Many ballet dancers dream of one day dancing “en pointe” or on point. Dancing on point is a major goal for a ballerina, but beginning pointe classes is not a decision to be taken lightly. There are many factors that play into a ballerina’s ability to succeed at pointe, and there are many things to consider when deciding whether or not you are ready for pointe shoes. Here are five things to consider before beginning pointe ballet.
1. Is your body ready to begin dancing on pointe?
The age at which a dancer may begin pointe classes has been widely debated in the dance community. Because the bones in the foot are still developing until age 10 or 11, it is suggested that dancers wait until their early teens to begin pointe classes. Of course, every dancer is different, and some may be ready to begin pointe sooner than others. This decision must be discussed between the dancer, parents, and instructors. Never try dancing on pointe shoes until your instructor tells you it is okay to do so. Dancing on pointe before your body is ready can result in permanent injury to your feet.
2. Pointe is physically demanding.
Dancing on pointe can be uncomfortable at first. Your feet and legs will be very sore for a few weeks until you develop calluses and train your muscles. You will probably get blisters and you may even bleed through a pair of pointe shoes. That’s okay. It will get better as your body gets stronger. Give yourself a few weeks of grace as your body adjusts to the physical demands of dancing on pointe.
3. Pointe is expensive.
Pointe shoes can be incredibly expensive, ranging from $40-$100 per pair. Pointe students should also be re-fitted in the store for the first few pairs of shoes or until their feet stop growing. Brand new point shoes usually last for 12-20 hours of dancing, but once a dancer gets stronger, they only last 6-10 hours. Padding ranges from $10 to $30 and lasts for about six months. Dancing on pointe is a serious financial commitment, and dancers and their families should consider this before beginning classes.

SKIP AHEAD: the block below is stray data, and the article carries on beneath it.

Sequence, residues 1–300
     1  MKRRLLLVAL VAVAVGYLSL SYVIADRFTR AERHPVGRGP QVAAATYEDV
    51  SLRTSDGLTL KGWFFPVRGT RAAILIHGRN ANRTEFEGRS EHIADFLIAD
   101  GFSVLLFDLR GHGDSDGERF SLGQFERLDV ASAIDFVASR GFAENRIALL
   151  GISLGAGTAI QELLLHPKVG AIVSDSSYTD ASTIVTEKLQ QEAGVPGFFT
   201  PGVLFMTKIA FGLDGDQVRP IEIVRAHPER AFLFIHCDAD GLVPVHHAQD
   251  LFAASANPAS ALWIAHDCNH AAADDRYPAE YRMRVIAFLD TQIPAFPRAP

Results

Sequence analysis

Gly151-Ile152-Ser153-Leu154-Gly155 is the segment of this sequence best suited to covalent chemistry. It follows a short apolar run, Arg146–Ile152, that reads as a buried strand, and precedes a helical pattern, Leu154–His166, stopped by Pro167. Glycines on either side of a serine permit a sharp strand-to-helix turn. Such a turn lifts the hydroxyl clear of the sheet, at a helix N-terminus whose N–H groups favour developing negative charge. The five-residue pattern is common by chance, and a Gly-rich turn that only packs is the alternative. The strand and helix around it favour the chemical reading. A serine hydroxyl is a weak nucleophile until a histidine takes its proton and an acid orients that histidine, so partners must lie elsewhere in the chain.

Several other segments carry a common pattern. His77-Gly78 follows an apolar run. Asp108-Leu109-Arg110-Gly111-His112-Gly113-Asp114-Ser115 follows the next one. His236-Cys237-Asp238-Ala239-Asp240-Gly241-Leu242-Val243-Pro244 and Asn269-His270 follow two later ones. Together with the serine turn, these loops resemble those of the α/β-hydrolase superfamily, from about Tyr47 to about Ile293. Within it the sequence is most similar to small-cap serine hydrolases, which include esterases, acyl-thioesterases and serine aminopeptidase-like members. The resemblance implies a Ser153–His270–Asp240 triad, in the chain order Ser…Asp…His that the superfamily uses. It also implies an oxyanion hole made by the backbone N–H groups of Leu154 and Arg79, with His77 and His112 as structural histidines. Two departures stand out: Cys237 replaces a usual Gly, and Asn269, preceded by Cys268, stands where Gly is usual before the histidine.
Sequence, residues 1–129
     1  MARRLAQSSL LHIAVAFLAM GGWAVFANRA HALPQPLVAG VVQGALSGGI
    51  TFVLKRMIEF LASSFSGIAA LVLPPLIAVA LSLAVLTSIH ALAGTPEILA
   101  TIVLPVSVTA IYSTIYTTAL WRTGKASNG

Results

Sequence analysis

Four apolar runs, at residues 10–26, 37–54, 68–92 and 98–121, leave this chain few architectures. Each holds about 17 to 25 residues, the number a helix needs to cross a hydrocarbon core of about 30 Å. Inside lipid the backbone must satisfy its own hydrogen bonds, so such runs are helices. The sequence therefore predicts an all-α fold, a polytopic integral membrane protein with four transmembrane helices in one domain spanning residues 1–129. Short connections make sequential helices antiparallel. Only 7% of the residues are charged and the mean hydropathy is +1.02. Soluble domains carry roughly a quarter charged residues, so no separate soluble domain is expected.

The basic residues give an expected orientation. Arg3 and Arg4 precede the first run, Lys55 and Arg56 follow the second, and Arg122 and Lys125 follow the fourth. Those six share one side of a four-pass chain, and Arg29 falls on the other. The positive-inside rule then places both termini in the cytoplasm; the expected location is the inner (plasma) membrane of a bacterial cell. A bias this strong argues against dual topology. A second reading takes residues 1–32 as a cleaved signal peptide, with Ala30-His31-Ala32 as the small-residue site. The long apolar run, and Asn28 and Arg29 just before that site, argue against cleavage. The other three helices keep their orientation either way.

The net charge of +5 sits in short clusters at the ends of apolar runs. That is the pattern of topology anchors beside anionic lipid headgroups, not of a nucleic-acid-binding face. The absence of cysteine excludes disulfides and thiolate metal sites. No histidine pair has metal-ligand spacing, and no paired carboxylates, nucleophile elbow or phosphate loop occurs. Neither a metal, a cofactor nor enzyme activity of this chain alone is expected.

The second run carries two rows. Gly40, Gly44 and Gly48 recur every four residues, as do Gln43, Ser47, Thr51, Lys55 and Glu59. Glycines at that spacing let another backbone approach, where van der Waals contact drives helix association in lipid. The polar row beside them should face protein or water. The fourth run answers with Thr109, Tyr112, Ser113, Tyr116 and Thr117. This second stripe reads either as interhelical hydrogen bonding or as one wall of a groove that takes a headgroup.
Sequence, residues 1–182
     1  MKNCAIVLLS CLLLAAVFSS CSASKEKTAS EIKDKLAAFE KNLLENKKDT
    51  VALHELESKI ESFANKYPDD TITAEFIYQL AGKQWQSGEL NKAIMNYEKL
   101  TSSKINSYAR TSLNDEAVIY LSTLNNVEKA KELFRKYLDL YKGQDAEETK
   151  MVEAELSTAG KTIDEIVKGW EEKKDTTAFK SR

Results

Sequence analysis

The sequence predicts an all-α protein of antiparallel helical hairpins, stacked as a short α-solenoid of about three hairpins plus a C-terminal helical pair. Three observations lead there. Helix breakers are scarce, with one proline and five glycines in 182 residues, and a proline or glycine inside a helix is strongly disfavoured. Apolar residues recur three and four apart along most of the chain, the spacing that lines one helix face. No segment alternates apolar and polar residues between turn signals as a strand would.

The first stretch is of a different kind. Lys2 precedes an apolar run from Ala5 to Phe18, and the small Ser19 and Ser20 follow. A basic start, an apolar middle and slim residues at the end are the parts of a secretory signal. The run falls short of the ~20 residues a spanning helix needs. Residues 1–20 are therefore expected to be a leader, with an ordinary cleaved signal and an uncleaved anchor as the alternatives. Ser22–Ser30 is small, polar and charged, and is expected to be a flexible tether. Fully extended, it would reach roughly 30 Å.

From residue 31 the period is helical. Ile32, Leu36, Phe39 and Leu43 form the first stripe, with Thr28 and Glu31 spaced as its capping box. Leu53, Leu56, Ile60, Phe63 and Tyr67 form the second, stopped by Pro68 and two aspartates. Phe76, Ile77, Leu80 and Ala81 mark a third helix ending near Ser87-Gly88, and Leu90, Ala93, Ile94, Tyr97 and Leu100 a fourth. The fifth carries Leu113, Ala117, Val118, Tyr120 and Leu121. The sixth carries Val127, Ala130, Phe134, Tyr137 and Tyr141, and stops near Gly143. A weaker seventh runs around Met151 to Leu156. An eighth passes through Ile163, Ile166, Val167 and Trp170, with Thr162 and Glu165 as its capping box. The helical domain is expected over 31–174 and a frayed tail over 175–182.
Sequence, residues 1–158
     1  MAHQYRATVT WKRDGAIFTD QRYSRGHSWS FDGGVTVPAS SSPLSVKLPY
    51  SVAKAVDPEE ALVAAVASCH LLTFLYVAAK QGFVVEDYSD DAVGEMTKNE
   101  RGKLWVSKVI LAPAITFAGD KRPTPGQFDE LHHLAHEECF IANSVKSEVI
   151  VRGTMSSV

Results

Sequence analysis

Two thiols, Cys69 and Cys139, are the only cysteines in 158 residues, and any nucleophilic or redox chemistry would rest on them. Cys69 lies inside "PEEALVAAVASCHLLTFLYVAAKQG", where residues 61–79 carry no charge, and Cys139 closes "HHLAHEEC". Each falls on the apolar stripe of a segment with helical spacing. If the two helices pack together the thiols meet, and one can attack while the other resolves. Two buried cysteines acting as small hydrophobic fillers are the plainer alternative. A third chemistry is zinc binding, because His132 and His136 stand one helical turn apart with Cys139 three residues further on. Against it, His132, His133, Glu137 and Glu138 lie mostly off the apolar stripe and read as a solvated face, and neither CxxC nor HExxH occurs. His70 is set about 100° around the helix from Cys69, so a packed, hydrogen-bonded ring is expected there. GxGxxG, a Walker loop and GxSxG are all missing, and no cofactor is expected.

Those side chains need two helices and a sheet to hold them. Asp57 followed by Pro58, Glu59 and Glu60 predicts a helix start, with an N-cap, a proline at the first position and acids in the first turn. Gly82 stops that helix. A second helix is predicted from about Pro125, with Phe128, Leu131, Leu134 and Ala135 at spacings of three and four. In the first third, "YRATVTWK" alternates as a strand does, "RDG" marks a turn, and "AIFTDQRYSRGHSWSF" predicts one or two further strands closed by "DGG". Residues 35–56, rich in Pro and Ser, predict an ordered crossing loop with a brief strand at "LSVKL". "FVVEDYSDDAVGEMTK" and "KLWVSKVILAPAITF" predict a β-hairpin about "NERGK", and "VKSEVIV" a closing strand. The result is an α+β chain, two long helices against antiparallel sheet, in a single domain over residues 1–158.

4. Pointe takes commitment.
Before even beginning pointe classes, a dancer must have several years of ballet experience to prepare for dancing on pointe. A dancer needs time to develop the form, strength and alignment needed to be successful on pointe. Developing these skills allows the dancer to transition to pointe while preventing injuries.
5. Pointe requires patience.
Because of the amount of work and commitment needed to be a successful pointe dancer, ballerinas wishing to dance on pointe must be patient. They must also be willing to make mistakes and move forward. Dancing on pointe is beautiful and highly rewarding, but you must be willing to put in the work and remain committed even when it is hard.
If you or your child is thinking about beginning pointe classes, feel free to speak with an instructor at your next class or give us a call at (615) 378-7152.